As the botanist coordinating the plant species information for NatureServe, Dr. Anne Frances has helped refine standardized methods and data structure that allow aggregation of national and international datasets to achieve a bird’s eye view of plant conservation in the United States.
Accurate plant taxonomy is important when keeping data, and especially when sharing data. Make sure that rose means the same flower to those receiving the data as it does to you! Database managers need to check the names of species in their datasets against up-to-date taxonomies regularly, because names change more often than you might think.
The CPC Best Plant Conservation Practices to Support Species Survival in the Wild includes a section, “Documentation and Data Sharing” that covers a wide range of documentation needs, from propagule collection to propagation, experiments, and back to the wild for reintroduction.
Our natural heritage is the sum total of our biodiversity, ecosystems, and geological structures. It’s essential that we know what we have in order to care for it and be able to pass it on. This knowledge is a key role of the Natural Heritage Programs that constitute the NatureServe Network.
The challenge of compiling data has real conservation importance. In 2019, the California legislature approved a $3 million budget line item to collect seed from all remaining rare plant species in California not currently represented in the California Plant Rescue seed banking network.
In this issue, we honor the state Natural Heritage Programs and the NatureServe Network. When all of us share our data, we generate great value that helps us accomplish efficient targeted plant conservation.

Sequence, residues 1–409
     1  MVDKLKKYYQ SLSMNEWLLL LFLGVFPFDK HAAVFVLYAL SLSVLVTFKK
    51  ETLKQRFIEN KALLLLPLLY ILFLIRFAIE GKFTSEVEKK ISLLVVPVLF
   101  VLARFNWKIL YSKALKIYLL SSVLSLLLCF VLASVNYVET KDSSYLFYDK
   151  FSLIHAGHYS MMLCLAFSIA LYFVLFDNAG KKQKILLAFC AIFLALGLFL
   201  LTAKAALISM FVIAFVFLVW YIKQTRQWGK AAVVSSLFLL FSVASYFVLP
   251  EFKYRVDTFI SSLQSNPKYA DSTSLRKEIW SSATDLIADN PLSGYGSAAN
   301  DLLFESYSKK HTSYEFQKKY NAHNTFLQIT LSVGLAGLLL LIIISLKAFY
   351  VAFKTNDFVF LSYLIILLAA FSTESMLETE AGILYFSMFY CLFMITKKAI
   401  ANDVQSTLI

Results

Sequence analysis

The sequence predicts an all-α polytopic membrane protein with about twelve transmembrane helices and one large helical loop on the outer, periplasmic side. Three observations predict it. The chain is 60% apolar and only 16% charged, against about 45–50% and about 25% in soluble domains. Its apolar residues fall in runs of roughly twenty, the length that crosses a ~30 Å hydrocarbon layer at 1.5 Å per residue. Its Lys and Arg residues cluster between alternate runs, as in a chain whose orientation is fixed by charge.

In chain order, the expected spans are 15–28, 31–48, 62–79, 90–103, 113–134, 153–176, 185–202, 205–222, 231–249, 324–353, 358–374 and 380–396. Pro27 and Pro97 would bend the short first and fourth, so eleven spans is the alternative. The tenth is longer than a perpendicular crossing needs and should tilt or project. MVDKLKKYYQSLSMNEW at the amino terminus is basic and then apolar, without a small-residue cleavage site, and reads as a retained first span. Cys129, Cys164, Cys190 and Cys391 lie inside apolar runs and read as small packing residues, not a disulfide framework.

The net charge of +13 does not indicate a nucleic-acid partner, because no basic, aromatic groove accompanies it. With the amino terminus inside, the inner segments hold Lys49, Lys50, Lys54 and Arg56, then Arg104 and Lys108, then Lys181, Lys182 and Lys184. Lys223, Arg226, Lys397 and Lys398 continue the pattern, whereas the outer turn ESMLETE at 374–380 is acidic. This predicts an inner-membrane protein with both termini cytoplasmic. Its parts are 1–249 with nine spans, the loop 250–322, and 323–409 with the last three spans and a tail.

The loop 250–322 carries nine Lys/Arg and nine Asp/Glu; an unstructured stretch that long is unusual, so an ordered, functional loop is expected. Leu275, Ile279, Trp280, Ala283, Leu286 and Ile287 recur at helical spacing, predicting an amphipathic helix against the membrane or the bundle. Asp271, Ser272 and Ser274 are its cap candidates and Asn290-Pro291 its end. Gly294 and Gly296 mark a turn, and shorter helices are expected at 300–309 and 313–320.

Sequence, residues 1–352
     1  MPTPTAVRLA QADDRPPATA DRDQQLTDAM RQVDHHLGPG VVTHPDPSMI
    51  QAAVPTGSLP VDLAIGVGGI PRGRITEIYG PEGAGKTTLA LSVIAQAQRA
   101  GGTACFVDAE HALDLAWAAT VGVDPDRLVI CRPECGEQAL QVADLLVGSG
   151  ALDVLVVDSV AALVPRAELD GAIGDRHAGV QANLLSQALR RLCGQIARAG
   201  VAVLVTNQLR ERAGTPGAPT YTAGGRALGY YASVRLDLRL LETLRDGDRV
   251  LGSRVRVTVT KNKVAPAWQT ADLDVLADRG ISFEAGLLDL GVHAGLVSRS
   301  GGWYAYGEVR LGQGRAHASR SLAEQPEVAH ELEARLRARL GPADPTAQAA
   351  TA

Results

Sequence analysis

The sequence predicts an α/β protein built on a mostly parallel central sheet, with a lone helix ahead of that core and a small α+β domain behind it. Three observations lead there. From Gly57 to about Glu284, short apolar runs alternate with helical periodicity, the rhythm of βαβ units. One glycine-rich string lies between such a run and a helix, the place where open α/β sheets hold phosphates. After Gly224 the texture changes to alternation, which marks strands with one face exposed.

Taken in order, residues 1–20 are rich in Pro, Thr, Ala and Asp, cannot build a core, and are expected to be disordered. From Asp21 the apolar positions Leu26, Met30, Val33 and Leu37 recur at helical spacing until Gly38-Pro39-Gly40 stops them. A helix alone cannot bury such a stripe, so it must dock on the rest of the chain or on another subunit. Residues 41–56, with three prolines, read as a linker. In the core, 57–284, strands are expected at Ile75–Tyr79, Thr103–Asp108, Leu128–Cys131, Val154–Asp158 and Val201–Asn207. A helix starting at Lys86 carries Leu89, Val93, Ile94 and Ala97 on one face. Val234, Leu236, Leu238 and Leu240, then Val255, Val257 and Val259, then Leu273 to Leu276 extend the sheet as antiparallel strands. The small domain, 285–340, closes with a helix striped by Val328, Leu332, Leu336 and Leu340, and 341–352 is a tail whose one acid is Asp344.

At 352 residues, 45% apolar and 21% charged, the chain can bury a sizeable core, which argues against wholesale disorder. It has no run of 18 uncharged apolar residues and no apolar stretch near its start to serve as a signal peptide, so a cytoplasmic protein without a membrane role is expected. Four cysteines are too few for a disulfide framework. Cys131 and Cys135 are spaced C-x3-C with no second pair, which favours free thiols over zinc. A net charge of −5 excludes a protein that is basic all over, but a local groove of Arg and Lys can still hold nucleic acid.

This presentation focuses on ways that CPC institutions can collect and transfer data to better inform conservation status assessments.
Although many labs in CPC’s Participating Institutions are currently idle, the researchers are certainly not. Researchers are digging deeper into the literature, formulating new projects and experiments, and getting creative in their stay-at-home tasks. Our collective passion for plants is undaunted. Our work to conserve them continues.
Amidst these times of great human suffering, it is important to remember rays of light that can outshine the darkness. Our Conservation Champion Jennifer Ceska is such a radiant being. She customarily calls colleagues “beloveds.” When she wraps her big smile and warm heart around a crowd, it will follow her anywhere. Her nurturing attention has helped the Georgia Plant Conservation Alliance thrive over many years and even during a pandemic. We wish we could clone her!
COVID-19 has changed the logistics of plant conservation work for many CPC institutions – some more than others. Rare plants are found in their habitats – decidedly outside of home offices. Plants’ homes must be visited to monitor populations, collect seed, conduct management activities, and more. Learn how some of our PIs are adapting in their field work.